Practical. When I was doing research on Greek religion, I came across a fascinating discussion on how the Greeks performed animal sacrifice. Allegedly, when the animals were slaughtered, the Greeks were obligated to share a portion of the animal with the gods by burning it on the altar. However, when the Greeks butchered the animal, they reserved all the meat for themselves and sacrificed only the bones, covered with a deceptive layer of fat, for the gods. It’s hard not to be somewhat amused by this. Why would the powerful, all-knowing gods be satisfied with the useless, inedible portions of an animal, while the Greeks kept the best parts for themselves? The Greeks even had a myth to justify this practice: allegedly Prometheus fooled Zeus into accepting the bones and fat, and from that original act, all future sacrifices were similarly justified. As devoted to the gods as the Greeks were, they were also practical; in a primitive society, meat was a rare and expensive commodity for most. Sacrifice was a symbolic act of devotion to the gods, but the Greeks were not prepared to go hungry by sacrificing half of their precious meat.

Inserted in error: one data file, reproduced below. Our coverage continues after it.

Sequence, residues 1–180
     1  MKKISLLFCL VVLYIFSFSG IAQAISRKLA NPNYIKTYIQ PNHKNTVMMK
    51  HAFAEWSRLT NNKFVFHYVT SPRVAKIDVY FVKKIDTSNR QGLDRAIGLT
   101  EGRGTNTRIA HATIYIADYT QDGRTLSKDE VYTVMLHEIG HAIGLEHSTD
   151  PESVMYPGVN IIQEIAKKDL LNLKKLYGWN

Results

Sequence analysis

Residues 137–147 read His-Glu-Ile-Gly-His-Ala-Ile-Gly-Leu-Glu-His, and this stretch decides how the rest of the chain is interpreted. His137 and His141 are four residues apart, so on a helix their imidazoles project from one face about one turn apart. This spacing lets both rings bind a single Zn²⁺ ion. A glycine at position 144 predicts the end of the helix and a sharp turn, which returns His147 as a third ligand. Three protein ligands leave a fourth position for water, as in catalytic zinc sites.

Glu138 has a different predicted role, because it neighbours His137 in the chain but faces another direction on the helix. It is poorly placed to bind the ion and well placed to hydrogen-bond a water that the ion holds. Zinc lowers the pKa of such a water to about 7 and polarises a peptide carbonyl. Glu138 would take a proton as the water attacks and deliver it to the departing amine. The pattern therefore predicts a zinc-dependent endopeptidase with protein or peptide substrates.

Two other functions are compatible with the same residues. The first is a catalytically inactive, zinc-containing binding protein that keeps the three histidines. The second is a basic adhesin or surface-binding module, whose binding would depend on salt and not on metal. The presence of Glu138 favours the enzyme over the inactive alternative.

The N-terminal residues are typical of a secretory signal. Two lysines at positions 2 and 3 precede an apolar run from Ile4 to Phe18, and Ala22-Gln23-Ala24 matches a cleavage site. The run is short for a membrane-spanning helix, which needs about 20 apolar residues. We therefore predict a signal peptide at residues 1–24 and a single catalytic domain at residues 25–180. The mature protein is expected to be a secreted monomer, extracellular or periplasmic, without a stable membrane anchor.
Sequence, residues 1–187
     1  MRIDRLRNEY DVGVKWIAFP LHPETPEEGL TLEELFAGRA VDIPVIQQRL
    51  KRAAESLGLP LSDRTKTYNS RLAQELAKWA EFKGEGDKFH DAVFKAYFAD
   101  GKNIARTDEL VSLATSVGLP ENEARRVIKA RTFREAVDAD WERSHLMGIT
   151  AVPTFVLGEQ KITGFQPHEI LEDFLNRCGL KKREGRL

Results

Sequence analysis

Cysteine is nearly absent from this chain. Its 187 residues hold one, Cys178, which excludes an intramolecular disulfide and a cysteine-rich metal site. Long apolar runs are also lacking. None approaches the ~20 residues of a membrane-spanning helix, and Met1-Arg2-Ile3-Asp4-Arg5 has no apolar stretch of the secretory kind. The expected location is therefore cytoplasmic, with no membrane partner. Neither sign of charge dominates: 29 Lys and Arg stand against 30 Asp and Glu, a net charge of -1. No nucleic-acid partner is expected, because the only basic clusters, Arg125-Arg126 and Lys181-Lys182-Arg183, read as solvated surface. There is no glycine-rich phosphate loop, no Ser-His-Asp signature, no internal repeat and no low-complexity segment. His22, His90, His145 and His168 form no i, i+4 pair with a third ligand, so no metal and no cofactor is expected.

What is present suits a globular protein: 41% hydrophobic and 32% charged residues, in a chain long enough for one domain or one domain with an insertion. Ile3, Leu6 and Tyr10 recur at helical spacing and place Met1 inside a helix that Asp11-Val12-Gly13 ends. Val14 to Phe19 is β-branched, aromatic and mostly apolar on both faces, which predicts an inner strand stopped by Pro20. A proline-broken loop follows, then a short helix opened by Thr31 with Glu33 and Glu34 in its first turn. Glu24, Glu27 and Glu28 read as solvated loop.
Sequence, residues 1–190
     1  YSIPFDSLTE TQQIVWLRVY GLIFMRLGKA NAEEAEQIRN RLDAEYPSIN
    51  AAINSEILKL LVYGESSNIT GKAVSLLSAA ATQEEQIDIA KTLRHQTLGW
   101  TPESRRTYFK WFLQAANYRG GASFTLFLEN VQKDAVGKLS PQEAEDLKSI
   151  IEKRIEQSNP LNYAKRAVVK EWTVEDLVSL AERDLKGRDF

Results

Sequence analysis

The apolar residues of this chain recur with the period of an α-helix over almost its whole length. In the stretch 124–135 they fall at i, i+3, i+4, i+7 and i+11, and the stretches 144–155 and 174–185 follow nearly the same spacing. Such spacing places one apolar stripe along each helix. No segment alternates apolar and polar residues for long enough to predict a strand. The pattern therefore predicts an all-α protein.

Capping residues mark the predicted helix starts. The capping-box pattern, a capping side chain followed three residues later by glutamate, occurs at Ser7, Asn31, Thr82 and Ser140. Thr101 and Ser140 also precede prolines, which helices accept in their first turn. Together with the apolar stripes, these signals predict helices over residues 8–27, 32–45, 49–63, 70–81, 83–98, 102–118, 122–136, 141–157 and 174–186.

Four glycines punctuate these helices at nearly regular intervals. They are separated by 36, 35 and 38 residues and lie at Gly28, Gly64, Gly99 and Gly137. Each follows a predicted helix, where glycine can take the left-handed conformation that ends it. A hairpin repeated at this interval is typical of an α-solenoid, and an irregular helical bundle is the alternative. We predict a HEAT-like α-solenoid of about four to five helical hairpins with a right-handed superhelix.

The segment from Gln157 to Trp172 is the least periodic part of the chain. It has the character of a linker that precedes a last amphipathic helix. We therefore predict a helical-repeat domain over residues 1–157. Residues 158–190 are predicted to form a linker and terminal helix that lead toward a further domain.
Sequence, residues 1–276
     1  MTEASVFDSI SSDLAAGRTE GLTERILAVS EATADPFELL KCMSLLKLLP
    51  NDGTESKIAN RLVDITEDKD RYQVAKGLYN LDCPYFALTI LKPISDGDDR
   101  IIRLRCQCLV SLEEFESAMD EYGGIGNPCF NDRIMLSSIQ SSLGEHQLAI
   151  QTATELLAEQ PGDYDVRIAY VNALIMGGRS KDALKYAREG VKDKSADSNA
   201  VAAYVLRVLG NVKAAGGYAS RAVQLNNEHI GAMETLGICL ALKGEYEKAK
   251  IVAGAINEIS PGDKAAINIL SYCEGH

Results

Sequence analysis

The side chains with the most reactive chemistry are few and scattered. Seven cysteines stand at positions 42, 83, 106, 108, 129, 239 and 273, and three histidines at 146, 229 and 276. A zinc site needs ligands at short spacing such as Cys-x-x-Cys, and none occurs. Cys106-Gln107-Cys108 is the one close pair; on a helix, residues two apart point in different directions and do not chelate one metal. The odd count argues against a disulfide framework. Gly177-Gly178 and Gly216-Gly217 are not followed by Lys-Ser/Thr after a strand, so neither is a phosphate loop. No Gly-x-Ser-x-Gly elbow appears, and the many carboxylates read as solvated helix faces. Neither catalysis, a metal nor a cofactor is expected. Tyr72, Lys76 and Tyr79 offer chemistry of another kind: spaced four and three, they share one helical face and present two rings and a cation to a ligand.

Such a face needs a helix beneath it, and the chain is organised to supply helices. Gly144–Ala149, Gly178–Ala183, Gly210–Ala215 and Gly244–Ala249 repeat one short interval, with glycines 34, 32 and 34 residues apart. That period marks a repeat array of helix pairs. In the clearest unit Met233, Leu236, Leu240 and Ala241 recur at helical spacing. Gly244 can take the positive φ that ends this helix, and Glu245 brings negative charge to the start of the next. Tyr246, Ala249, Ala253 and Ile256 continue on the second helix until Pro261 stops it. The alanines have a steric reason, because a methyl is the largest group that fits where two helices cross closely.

And what of prayer to the gods? Clearly, the Greeks prayed to the gods and asked favors of them. But prayer never stopped or even slowed Greek achievements in art, architecture, athletics, philosophy, and mathematics. No Greek ever entered the Olympic games fat and out-of-shape, hoping that copious prayers and sacrifices to Zeus would help him win the games. No Greek ever believed that one did not have to train hard for war, that prayers to their deity would suffice to save their city from destruction at the hands of an enemy. Nor did the Greeks expect incompetent agriculture or engineering would be saved by prayer. The Greeks sought inspiration, strength, and assistance from the gods, but they did not believe that prayer would substitute for their personal shortcomings and neglect.

Teleological (goal-oriented). In a previous essay, I discussed the role of teleology — explanation in terms of goals or purpose — in accounting for causation. Although modern science has largely dismissed teleological causation in favor of efficient causation, I argued that teleological, or goal-oriented, causation could have a significant role in understanding (1) the long-term development of the universe and (2) the behavior of life forms. In a teleological perspective, human beings are not merely the end result of chemical or atomic mechanisms — humans are able to partially transcend the parts they are made of and work toward certain goals or ends that they choose.